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milesma's Achievements


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  1. I've fixed the issue. In short, it is my code's problem (the delete is not at the correct place; besides, there are memory leaks) Be very careful when using pointer type as signal/port. when sc_start evaluating whether there are activities pending, it is actually comparing m_cur_val and m_new_val. In my case, the first time assigning eventSubject = new Event(...), say the address is 0x1234 then it is released by "delete event;" Now: m_cur_val is pointing to "0x1234" with value 0xfeeefeee (because it is released) Now comes to "eventSubject = new Event(...)", the memory is allocated at "0x1234" as well. so m_new_val is "0x1234". since m_cur_val == m_new_val, SystemC thought there is no activity pending, so the SC_MODULE won't be invoked. How to fix: add following two lines of code: eventSubject = NULL; sc_start();
  2. After Signal/Port binding, when signal changed, the sensitive list will cause SC_METHOD registered method to run. When I'm implementing the SystemC version, I met this warning W571. To be honest, I think this warning is correct because there is no activity. But Why there is no activity where I thought there should be is the question. The problem happens when call sc_start() the second time; I suspect that the binding between signal/port is not handing well. SC_MODULE ( MyClass ) { SC_CTOR(MyClass) { SC_METHOD(eventListener); dont_initialize(); sensitive << m_event; } void eventListener() { Event* event = m_event.read(); ... delete event; } } int sc_main (int argc, char* argv[]) { sc_signal<Event*> eventSubject; MyClass context("CONTEXT"); context.m_event(eventSubject); //bind signal to port, m_event is the port while(true) { getline(cin, in); ... eventSubject = new Event(); sc_start(); } }
  3. Thanks Philipp, I never know the concept of "co-routine" before, now I know it is an alternative of thread during concurrent programmig.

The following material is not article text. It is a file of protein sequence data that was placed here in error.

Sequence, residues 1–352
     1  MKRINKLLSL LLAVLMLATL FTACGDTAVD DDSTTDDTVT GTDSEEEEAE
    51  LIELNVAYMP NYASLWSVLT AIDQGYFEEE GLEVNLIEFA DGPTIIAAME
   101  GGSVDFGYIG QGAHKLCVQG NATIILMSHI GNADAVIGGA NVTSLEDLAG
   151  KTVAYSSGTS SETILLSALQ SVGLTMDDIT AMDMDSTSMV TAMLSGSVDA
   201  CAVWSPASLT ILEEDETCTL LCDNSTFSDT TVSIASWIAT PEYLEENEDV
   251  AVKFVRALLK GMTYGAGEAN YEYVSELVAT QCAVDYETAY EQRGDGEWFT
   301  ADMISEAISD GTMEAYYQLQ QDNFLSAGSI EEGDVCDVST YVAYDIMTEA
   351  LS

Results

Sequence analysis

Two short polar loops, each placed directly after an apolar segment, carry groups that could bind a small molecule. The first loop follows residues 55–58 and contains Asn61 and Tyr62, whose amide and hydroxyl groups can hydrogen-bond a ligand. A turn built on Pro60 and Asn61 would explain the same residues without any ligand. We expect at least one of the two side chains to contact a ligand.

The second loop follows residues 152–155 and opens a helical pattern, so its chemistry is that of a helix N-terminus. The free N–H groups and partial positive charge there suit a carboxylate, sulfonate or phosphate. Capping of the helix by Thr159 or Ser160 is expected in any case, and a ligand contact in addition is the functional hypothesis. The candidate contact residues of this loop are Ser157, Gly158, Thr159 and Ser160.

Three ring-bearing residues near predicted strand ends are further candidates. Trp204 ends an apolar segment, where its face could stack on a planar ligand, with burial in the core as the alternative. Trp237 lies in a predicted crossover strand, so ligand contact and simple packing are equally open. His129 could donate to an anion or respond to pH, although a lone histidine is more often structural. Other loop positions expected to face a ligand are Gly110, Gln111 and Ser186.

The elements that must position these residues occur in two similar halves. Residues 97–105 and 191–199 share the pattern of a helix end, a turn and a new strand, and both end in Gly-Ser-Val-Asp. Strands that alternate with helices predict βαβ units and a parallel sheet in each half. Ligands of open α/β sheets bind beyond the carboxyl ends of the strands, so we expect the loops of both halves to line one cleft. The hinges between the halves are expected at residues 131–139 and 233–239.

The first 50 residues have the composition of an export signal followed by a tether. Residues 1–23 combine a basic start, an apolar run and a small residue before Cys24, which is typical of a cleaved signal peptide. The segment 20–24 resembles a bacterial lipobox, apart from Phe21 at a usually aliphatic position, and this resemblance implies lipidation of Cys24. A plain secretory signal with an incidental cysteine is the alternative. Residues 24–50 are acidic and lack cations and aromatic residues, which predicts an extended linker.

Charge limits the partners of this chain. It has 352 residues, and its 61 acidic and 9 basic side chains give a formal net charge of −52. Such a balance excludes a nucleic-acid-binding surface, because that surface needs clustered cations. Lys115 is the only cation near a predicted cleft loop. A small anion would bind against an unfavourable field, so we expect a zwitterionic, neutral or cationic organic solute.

4. Hi Guys, It is my first day to read SystemC tutorial, forgive me if the questions are silly. I debugged following code in Visual Studio 2008 (64 bit) by setting break point at the start of do_test1 and do_test2, to my suprise, the code is running in the same thread of the sc_main function. I didn't debug in Linux environment. However, by searching the source code, I found the "pthread.h" was included by some SystemC library source code. Question 1: In Windows, will the SC_THREAD create a real thread? Or it is always in the same thread of sc_main? If this is the case, may I say SC_THREAD is creating a "fake" thread? Question 2: In Linux, since "pthread.h" is included, will SC_THREAD create a new thread? Question 3: In Windows and Linux, did I miss some settings to enable the real thread? ======================================== Following code is from this website: http://www.asic-world.com/systemc/systemc_time4.html#Example_:_sc_event #include <systemc.h> SC_MODULE (events) { sc_in<bool> clock; sc_event e1; sc_event e2; void do_test1() { while (true) { // Wait for posedge of clock wait(); cout << "@" << sc_time_stamp() <<" Starting test"<<endl; // Wait for posedge of clock wait(); cout << "@" << sc_time_stamp() <<" Triggering e1"<<endl; // Trigger event e1 e1.notify(5,SC_NS); // Wait for posedge of clock wait(); // Wait for event e2 wait(e2); cout << "@" << sc_time_stamp() <<" Got Trigger e2"<<endl; // Wait for posedge of clock wait(); cout<<"Terminating Simulation"<<endl; sc_stop(); // sc_stop triggers end of simulation } } void do_test2() { while (true) { // Wait for event e2 wait(e1); cout << "@" << sc_time_stamp() <<" Got Trigger e1"<<endl; // Wait for 3 posedge of clock wait(3); cout << "@" << sc_time_stamp() <<" Triggering e2"<<endl; // Trigger event e2 e2.notify(); } } SC_CTOR(events) { SC_CTHREAD(do_test1,clock.pos()); SC_CTHREAD(do_test2,clock.pos()); } }; int sc_main (int argc, char* argv[]) { sc_clock clock ("my_clock",1,0.5); events object("events"); object.clock (clock); sc_start(); // Run the simulation till sc_stop is encountered return 0;// Terminate simulation }
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